The Vanderbilt family has earned their place as one of the great financial dynasties in American history. With a fortune rooted in the birth of the country’s Gilded Age, the family name conjures up thoughts of lavish lifestyles and shrewd business success. At its peak, the family had more money than what was held in the U.S. Treasury. And yet, for all that the Vanderbilts have accomplished, the true Vanderbilt fortune has been lost. How this happened is a complex tale spanning several generations.
The tale of the Vanderbilts in business begins with Cornelius Vanderbilt, a descendant of Dutch settlers who was born to humble beginnings on Staten Island, New York. While his father was a farmer, the elder Vanderbilt also ferried produce and merchandise between Staten Island and Manhattan aboard a two-masted sailing vessel called a periauger. Cornelius would work with his father on the boat as a boy, then aboard his own periauger as a teen, before getting his own small fleet of boats and learning about ship design.
After a brief stint as a ferry captain, Vanderbilt would go on to his first major business success in the 1820s, building steamships and operating ferry lines across the New York region. His clever and aggressive attitude earned him the nickname “Commodore” as well as a fair share of enemies. The peak of his shipping success was during the California Gold Rush, where he created a steamship service that took prospectors from New York to California through Nicaragua. Far faster than the alternative routes, he would earn more than $1 million (about $26 million in today’s money) from this route alone.
However, it was the famed railroad business that the Vanderbilt name came to be forever associated with. Cornelius’s foray into railroads was perfectly timed, as railroads were just beginning to grow into the logistics network that we know them as today. Obtaining control over several railroads between Chicago and New York, he would go on to create a large interregional railroad system.
This development marked a huge change from the smaller, fragmented railroads of the day, each with their own procedures and timetables. The result would be New York Central, a multi-state system with increased efficiency, travel times, and above all, lower costs. These innovations would not only make the Vanderbilts extremely wealthy but would change the landscape of American transportation.
Later in life, unlike many of the other millionaires of the day like Andrew Carnegie or John D. Rockefeller, Cornelius Vanderbilt did not embrace philanthropy to a large degree. Instead, he would leave the bulk of his $100 million fortune to his son William Henry “Billy” Vanderbilt. It is said by some that Cornelius had serious doubts whether or not his children could maintain what he created, and told Billy at one point, “Any fool can make a fortune; it takes a man of brains to hold onto it.”
The Loss of The Vanderbilt Fortune
To Billy’s credit, upon inheriting the fortune as well as the family’s 87% stake in New York Central, he worked hard to expand the business, reportedly doubling the family’s fortune. Upon his death, Billy would go against his father advice of leaving the bulk of the fortune to one person, splitting it between his two sons, Cornelius Vanderbilt II and William Kissam Vanderbilt.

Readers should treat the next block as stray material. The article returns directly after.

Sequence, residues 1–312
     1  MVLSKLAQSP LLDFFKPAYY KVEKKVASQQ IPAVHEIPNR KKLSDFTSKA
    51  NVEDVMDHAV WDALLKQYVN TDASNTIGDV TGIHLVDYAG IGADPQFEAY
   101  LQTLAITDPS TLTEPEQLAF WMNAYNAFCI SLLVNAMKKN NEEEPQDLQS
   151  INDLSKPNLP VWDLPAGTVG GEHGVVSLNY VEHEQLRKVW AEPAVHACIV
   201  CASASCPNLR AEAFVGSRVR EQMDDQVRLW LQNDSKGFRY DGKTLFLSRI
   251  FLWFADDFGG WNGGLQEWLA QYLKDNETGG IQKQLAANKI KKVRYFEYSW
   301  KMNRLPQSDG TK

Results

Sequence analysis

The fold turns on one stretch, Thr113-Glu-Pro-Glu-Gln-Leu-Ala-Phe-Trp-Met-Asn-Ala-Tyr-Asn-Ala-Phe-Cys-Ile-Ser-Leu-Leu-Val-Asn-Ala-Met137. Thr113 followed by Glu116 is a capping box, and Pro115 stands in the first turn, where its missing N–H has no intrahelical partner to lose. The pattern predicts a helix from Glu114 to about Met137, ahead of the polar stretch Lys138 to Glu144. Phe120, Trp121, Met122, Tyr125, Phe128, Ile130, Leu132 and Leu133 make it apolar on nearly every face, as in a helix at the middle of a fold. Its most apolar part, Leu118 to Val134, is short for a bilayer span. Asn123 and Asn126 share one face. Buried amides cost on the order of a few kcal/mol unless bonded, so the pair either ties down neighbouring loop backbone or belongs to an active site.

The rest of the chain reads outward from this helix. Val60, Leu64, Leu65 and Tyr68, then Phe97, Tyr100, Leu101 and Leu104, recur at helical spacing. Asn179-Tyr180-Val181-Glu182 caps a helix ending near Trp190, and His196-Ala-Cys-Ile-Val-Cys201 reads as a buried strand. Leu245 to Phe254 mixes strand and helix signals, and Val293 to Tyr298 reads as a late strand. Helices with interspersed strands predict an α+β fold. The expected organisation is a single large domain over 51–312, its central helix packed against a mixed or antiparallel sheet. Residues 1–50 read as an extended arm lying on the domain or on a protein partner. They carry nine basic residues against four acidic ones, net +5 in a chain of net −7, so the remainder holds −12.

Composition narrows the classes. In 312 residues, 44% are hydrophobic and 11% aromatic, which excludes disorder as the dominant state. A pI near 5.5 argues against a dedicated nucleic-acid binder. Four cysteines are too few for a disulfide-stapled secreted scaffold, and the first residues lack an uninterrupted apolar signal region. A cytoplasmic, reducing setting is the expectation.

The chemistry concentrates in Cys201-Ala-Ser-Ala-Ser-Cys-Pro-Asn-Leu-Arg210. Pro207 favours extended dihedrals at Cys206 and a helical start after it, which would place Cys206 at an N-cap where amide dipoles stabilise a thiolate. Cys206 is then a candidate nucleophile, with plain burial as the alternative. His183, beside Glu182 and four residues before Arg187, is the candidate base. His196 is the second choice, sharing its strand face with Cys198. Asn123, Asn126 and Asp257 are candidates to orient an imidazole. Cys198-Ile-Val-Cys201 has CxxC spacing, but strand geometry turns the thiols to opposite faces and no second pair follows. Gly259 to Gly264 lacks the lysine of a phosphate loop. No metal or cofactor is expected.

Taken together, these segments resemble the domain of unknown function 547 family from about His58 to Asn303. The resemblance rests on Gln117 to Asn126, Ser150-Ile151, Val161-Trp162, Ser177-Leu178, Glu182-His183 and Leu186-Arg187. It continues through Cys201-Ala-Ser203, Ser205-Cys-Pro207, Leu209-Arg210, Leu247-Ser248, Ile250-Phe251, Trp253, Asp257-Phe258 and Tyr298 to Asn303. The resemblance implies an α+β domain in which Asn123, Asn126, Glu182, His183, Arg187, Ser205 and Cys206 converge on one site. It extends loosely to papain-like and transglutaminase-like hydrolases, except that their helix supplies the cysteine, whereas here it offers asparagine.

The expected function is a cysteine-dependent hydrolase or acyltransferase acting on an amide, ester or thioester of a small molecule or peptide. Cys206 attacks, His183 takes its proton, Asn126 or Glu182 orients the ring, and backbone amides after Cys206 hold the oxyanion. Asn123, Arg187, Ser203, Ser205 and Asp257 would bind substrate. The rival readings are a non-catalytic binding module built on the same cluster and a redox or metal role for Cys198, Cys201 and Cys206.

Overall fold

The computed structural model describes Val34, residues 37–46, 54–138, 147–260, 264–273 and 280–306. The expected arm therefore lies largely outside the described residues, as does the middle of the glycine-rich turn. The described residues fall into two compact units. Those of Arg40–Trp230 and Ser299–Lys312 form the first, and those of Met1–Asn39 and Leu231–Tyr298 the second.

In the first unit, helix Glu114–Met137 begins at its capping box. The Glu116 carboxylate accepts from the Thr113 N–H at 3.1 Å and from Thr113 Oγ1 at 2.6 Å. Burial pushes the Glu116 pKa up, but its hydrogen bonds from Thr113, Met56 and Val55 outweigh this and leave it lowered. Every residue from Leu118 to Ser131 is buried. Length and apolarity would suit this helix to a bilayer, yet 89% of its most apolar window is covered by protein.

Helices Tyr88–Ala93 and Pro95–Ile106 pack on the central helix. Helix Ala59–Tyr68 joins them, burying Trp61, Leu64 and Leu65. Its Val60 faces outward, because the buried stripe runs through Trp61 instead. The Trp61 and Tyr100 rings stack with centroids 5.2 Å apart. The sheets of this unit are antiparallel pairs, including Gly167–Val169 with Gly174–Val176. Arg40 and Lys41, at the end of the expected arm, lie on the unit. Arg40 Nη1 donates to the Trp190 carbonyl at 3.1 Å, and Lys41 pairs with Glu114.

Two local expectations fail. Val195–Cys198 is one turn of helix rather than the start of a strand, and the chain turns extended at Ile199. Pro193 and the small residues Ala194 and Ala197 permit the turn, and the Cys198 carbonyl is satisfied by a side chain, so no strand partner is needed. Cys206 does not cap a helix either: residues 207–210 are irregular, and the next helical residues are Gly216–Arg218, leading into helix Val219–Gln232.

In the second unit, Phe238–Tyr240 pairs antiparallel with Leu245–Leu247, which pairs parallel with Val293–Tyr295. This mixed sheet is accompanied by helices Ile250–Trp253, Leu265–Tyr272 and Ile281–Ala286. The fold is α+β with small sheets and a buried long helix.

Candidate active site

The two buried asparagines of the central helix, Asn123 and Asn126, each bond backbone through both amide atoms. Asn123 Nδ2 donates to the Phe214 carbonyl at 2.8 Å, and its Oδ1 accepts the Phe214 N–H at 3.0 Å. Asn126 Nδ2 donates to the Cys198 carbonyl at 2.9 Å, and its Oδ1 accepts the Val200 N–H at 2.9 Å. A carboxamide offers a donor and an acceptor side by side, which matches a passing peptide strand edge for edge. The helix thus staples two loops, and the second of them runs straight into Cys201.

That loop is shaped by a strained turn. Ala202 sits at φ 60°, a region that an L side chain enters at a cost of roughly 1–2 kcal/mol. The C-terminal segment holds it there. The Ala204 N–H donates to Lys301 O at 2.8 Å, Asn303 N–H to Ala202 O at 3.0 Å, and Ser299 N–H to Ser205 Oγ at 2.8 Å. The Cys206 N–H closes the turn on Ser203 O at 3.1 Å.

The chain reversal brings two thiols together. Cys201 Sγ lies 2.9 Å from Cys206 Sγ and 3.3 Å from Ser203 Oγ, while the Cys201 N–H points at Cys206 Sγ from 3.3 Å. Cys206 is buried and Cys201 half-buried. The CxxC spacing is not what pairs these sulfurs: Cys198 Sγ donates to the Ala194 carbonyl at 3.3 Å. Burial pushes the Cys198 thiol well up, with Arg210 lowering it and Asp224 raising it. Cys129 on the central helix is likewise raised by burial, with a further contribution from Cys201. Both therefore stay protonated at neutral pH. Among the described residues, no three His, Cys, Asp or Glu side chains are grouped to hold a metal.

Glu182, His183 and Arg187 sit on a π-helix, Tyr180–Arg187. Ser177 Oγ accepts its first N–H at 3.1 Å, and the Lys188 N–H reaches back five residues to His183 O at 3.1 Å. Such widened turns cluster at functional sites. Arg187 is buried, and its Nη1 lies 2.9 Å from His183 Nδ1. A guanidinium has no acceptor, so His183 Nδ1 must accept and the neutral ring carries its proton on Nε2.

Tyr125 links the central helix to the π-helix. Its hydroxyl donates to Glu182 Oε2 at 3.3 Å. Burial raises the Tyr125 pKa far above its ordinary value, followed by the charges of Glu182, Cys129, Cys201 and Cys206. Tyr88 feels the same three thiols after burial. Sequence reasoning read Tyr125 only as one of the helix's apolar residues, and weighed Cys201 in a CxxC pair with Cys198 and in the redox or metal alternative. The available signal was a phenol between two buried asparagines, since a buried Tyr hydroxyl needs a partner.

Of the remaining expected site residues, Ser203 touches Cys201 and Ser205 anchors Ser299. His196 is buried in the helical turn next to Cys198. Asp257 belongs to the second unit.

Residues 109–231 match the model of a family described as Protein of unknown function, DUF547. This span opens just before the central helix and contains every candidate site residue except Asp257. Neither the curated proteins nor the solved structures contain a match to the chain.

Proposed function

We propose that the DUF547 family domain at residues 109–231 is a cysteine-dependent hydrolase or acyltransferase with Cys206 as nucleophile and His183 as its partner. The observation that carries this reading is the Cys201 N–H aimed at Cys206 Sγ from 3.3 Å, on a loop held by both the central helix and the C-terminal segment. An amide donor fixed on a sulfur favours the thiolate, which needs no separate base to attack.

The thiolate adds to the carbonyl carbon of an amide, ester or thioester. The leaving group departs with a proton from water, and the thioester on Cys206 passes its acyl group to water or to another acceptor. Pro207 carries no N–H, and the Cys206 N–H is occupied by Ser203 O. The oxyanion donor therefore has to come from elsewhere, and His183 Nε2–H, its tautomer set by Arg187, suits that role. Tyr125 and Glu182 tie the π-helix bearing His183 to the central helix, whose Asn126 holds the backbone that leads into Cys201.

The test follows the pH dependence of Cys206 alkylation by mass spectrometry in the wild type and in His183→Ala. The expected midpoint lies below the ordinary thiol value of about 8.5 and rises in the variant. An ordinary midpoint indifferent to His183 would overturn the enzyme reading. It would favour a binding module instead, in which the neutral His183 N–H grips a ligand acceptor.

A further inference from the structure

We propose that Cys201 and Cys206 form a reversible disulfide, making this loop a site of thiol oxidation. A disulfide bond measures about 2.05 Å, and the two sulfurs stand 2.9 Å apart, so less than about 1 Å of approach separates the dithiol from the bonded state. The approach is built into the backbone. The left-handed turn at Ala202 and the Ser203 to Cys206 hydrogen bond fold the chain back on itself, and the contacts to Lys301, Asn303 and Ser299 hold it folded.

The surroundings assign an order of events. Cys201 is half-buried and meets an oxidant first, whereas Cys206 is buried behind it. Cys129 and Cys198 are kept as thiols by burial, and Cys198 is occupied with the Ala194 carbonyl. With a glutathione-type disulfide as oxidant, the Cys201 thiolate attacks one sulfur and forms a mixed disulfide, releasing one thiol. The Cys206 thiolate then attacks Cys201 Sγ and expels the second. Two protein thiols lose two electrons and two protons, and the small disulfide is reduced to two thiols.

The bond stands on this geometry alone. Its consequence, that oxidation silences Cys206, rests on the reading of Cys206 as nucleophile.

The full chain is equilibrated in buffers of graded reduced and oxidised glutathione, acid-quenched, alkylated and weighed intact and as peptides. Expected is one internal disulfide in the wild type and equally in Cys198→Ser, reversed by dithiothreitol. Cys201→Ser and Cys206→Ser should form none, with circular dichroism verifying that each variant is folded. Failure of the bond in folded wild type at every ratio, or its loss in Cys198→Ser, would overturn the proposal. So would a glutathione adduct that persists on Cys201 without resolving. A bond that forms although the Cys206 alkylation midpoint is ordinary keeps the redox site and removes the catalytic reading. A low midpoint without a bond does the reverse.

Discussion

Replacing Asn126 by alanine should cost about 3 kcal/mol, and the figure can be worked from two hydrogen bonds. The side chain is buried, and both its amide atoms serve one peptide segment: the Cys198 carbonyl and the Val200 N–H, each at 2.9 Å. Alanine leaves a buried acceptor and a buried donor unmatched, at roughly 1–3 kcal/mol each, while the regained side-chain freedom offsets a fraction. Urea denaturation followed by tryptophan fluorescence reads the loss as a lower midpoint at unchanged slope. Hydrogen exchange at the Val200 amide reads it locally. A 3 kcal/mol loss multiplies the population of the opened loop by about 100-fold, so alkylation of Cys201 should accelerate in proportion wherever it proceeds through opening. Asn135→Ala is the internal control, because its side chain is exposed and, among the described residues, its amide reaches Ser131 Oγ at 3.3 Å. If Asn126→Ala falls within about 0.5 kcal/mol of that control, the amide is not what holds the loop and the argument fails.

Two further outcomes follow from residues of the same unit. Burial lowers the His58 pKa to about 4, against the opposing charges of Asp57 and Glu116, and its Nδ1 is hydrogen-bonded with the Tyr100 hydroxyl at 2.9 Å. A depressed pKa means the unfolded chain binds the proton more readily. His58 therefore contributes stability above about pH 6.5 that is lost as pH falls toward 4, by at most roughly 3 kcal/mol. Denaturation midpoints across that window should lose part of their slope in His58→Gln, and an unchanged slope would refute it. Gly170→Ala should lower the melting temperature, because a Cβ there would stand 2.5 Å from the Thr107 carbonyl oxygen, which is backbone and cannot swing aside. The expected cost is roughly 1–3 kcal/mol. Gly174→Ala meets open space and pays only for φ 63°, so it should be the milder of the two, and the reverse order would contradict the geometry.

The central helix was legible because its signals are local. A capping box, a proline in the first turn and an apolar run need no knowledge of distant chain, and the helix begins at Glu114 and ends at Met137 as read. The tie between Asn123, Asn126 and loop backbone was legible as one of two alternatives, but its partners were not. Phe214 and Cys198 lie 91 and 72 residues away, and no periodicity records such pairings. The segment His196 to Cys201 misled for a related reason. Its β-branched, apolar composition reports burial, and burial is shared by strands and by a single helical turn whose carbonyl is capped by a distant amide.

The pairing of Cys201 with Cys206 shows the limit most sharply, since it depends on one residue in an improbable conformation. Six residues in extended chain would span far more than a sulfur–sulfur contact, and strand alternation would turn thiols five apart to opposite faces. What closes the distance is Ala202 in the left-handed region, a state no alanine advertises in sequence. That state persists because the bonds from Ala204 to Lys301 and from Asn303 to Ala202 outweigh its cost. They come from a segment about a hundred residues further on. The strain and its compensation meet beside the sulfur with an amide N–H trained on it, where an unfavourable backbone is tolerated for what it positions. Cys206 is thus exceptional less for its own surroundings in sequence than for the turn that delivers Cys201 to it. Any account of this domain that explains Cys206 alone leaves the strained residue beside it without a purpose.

This third generation would mark the beginning of the decline of the Vanderbilt fortune. What went wrong? To put things simply, the Vanderbilts became wealth spenders than wealth creators. Cornelius Vanderbilt II would manage the business until his death, at which point William Kissam took over briefly before retiring to his yachts and horses.
William was once quoted as saying, “Inherited wealth is a real handicap to happiness… It has left me with nothing to hope for, with nothing definite to seek or strive for.” At the same time, the lavish estates and lifestyles typical of the Gilded Age were beginning to eat into the family coffers. Some of these extravagances included art collections, 10 5th Avenue mansions in New York City, and extensive philanthropy.
While this was going on, the business landscape of the railroad industry was changing. By the end of World War II, barges, trucks, and airplanes were cutting into the railroad market. The family would also sell some of the shares in New York Central, creating more room for competitors, and even allowing the competing Chesapeake and Ohio Railway to became a major shareholder. After a disastrous merger in 1968, New York Central would file for bankruptcy in 1970.
The Vanderbilt Legacy
As a financial powerhouse, the Vanderbilt fortune is no more today. In the latest Forbes profile of America’s richest families, the Vanderbilt family is nowhere to be seen. Their lavish New York City mansions have been torn down as well. However, there are still remnants of their great impression on America. Perhaps one of the major ones is Vanderbilt University, one of the few philanthropical endeavors of Cornelius Vanderbilt before his death. The school’s sports teams call themselves the Commodores in his honor.
Despite the loss of fortune, one remaining legacy of the Vanderbilt family is its family members. Descendant Gloria Vanderbilt boasts a net worth of $200 million due to her careers in fashion and art rather than a grand inheritance. Equally well known is her son, CNN news anchor Anderson Cooper, who has forged a great career for himself as well. When asked about his rich ancestors during a Howard Stern interview in 2014, Cooper simply remarked, “My mom’s made clear to me that there’s no trust fund… there’s none of that.”
“Who’s inherited a lot of money that has gone on to do things in their own life?” he continued. “From the time I was growing up, if I felt that there was some pot of gold waiting for me, I don’t know that I would’ve been so motivated.”